Quiet thirst

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Mark Swofford, who is visiting the Jiaobanshan (Jiaoban Mountain) Park in Fuxing District of Taoyuan City, sent me this photograph of a sign introducing the area:

Featured in the park are the remains of a retreat-palace built by President Chiang Kai-shek (1887-1975) in 1960.

The Mandarin writing itself is odd enough (e.g., being one, long sentence), but some of the translations into English are truly whimsical:

xiǎngyǒu Táiwān Lúshān měi míng 享有「臺灣廬山」美名 ("enjoys the reputation of 'Taiwan's Lushan Mountain'"), which comes out as "disguised the reputation as 'Taiwan Lushan'"

xínggōng 行宮 ("temporary imperial abode; detached palace"), which comes out as "footsteps"

shèjí kǒu 射擊口 ("shooting port"), which comes out as "quiet thirst"


  1. Hervé Guérin said,

    July 28, 2022 @ 3:38 am

    And Jiang Gong does not mean anything for any English speaker… In fact, if I had not read the Chinese text, I wouldn't have understood it.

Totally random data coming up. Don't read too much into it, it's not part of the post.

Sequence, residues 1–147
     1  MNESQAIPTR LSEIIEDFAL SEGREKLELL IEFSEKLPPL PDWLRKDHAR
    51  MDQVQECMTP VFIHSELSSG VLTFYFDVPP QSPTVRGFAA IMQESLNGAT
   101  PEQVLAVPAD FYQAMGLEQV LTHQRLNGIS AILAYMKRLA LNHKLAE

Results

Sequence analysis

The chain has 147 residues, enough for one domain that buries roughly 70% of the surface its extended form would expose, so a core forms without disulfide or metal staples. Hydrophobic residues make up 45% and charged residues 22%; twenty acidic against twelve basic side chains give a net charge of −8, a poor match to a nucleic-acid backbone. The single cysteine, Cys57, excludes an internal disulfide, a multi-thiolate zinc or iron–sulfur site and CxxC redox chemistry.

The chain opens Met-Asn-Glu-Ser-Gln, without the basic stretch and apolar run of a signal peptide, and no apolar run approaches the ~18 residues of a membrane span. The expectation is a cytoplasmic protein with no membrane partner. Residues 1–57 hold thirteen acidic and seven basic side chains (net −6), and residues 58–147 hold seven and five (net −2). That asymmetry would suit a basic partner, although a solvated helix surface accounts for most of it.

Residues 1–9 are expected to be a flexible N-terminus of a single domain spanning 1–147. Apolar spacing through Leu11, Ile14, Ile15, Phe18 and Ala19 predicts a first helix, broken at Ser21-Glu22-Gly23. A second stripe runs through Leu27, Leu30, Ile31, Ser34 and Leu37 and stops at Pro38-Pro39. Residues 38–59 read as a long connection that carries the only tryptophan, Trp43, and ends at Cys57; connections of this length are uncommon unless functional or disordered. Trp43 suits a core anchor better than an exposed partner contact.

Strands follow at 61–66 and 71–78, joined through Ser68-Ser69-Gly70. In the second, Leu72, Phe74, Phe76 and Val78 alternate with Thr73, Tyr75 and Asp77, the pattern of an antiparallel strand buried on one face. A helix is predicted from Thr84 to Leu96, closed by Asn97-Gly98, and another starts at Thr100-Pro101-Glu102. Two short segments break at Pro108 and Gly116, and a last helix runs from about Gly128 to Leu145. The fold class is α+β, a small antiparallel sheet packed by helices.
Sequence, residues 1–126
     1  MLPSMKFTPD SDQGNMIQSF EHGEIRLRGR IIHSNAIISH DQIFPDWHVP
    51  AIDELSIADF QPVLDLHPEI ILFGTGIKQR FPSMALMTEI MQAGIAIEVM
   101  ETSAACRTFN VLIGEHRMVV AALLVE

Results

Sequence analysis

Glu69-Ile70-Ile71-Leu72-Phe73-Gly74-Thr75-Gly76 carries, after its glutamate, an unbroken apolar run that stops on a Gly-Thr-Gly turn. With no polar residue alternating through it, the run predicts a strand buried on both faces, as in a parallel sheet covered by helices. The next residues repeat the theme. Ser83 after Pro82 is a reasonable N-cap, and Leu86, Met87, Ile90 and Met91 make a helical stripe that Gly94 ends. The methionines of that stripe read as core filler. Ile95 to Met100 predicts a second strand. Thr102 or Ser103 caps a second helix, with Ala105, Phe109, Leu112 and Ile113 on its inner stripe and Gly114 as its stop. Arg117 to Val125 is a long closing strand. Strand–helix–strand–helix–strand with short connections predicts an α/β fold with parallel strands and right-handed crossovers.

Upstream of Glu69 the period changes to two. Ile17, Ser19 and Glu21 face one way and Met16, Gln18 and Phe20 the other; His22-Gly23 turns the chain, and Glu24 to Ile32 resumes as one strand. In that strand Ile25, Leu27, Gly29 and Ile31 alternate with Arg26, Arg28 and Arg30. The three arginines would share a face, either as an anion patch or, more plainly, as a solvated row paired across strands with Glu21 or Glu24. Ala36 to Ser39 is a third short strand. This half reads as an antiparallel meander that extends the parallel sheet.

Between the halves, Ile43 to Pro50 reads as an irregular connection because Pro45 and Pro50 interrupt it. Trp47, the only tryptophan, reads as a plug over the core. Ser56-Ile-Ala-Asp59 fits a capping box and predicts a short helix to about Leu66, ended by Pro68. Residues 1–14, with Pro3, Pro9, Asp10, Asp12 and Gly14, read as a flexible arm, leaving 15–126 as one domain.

2. AntC said,

    July 28, 2022 @ 6:26 am

    "It has four-season weather …"

    Is that a thing in Taiwan/in Mandarin vernacular more generally?

    We say in New Zealand's mountains: 'four seasons in one day' — in other words carry gear for both snow and sunburn and everything in between.

    Well done to Mark for finding any signs in English in Taiwan's mountains/parks. They're usually well-supplied with explanatory signage — but all in Mandarin, in my experience.

  3. Nick Kaldis said,

    July 28, 2022 @ 8:49 am

    Is it possible that they ran this through some sort of auditory translation process and the "口可" was mistaken for "口渴" and translated as "thirst"?

  4. J.W. Brewer said,

    July 29, 2022 @ 1:40 pm

    Another online description of the same park in English states: "The climate here is mild, and the mountains are listed, the valleys are lingering, the bell is graceful, and the momentum is extraordinary." https://www.chinawiki.net/thread/48/41395.html

  5. Sanchuan said,

    July 31, 2022 @ 1:41 pm

    @AntC Quite the reverse. They meant to say it's mild in all four seasons. So, to reverse the English: 'one day ('s weather) in four seasons'.

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